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Publication numberUS4371570 A
Publication typeGrant
Application numberUS 06/344,412
Publication dateFeb 1, 1983
Filing dateFeb 1, 1982
Priority dateFeb 11, 1980
Fee statusPaid
Publication number06344412, 344412, US 4371570 A, US 4371570A, US-A-4371570, US4371570 A, US4371570A
InventorsJoseph A. Goebel, Richard H. Barkalow, Nicholas E. Ulion
Original AssigneeUnited Technologies Corporation
Export CitationBiBTeX, EndNote, RefMan
External Links: USPTO, USPTO Assignment, Espacenet
Hot corrosion resistant coatings
US 4371570 A
A coated article and method for producing the coated article are described. The article is provided with a coating system which provides protection against hot corrosion at moderate temperatures (1200-1700 F.). An overlay coating based on a metal selected from the group consisting of iron, nickel or cobalt or mixtures thereof and containing chromium and optionally aluminum, yttrium and/or hafnium is applied to the article to be protected. A silicon rich surface zone is produced at the surface of the overlay coating. Methods including pack cementation and physical vapor deposition are described for producing the coating.
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We claim:
1. A method for providing a superalloy article with enhanced resistance to hot corrosion including the steps of:
a. providing the article with an overlay coating of a material selected from the group consisting of MCr, MCrAl, MCrAlY and MCrAlHf, where "M" is selected from the group consisting of Fe, Ni, Co, and mixtures thereof:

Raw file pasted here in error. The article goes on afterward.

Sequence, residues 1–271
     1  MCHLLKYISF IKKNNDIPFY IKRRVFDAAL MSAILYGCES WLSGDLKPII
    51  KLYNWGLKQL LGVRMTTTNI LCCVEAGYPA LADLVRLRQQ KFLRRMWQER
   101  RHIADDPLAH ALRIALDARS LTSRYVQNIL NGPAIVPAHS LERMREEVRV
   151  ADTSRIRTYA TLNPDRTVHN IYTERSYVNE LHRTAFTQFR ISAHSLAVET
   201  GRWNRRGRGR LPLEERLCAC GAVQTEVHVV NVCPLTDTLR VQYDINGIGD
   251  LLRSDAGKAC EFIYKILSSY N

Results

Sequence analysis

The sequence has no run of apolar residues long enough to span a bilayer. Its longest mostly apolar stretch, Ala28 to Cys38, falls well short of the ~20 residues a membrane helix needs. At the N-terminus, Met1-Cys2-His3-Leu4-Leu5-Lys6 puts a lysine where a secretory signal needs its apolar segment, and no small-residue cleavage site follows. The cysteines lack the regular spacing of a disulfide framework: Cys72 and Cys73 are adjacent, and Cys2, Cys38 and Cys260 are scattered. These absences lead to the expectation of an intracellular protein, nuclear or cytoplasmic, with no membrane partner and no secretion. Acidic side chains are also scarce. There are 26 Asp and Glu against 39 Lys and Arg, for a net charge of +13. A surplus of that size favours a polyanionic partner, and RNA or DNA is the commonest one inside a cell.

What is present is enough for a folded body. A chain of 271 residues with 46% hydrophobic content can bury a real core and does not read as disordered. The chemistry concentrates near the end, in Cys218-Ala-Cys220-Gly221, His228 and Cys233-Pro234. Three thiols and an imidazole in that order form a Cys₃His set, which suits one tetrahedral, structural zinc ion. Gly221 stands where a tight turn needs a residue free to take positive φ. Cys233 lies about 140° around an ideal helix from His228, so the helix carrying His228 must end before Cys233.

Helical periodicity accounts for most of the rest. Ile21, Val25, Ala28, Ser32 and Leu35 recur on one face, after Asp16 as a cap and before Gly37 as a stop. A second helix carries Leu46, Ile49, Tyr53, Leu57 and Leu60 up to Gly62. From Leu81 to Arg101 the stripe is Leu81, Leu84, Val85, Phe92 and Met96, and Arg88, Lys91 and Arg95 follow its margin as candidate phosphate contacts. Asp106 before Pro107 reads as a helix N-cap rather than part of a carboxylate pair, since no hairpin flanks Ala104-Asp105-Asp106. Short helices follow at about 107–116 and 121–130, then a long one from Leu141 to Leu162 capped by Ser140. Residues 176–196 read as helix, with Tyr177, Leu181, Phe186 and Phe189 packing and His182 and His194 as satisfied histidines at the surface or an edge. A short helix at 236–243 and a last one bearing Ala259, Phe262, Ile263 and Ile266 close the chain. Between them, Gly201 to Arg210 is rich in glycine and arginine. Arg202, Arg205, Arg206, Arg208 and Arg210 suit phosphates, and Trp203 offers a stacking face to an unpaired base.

b. diffusing silicon into the overlay coating surface to produce a silicon rich surface zone having a thickness of from about 10 to about 40% of the total coating thickness which contains from about 20 to about 40% Si.
2. A method as in claim 1 wherein the silicon rich surface layer is produced by pack cementation.
3. A method as in claim 1 wherein the silicon rich surface layer is produced by physical vapor deposition.
4. A method for providing a superalloy article with enhanced resistance to hot corrosion including the steps of:
a. providing the article with an overlay coating of material selected from the group consisting of MCr, MCrAl, MCrAlY and MCrAlHf, where "M" is selected from the group consisting of Fe, Ni, Co and mixtures thereof:
b. applying a second overlay coating over the first overlay coating, with the second overlay coating having a thickness of from about 10 to about 40% of the total coating thickness, with the second overlay coating containing from greater than 10 to about 50% Si, with the balance of the overlay composition being similar to a material selected from the group consisting of the MCr, MCrAl, MCrAlY and MCrAlHf coatings.

This is a division of application Ser. No. 120,248 filed on Feb. 11, 1980 now U.S. Pat. No. 4,326,011.


This invention relates to the field of hot corrosion resistant coatings for superalloys. The coating and method described in the present application are useful for the application of coatings which are resistant to hot corrosion at moderate temperatures. Such coatings are useful in gas turbine engines and in certain industrial applications.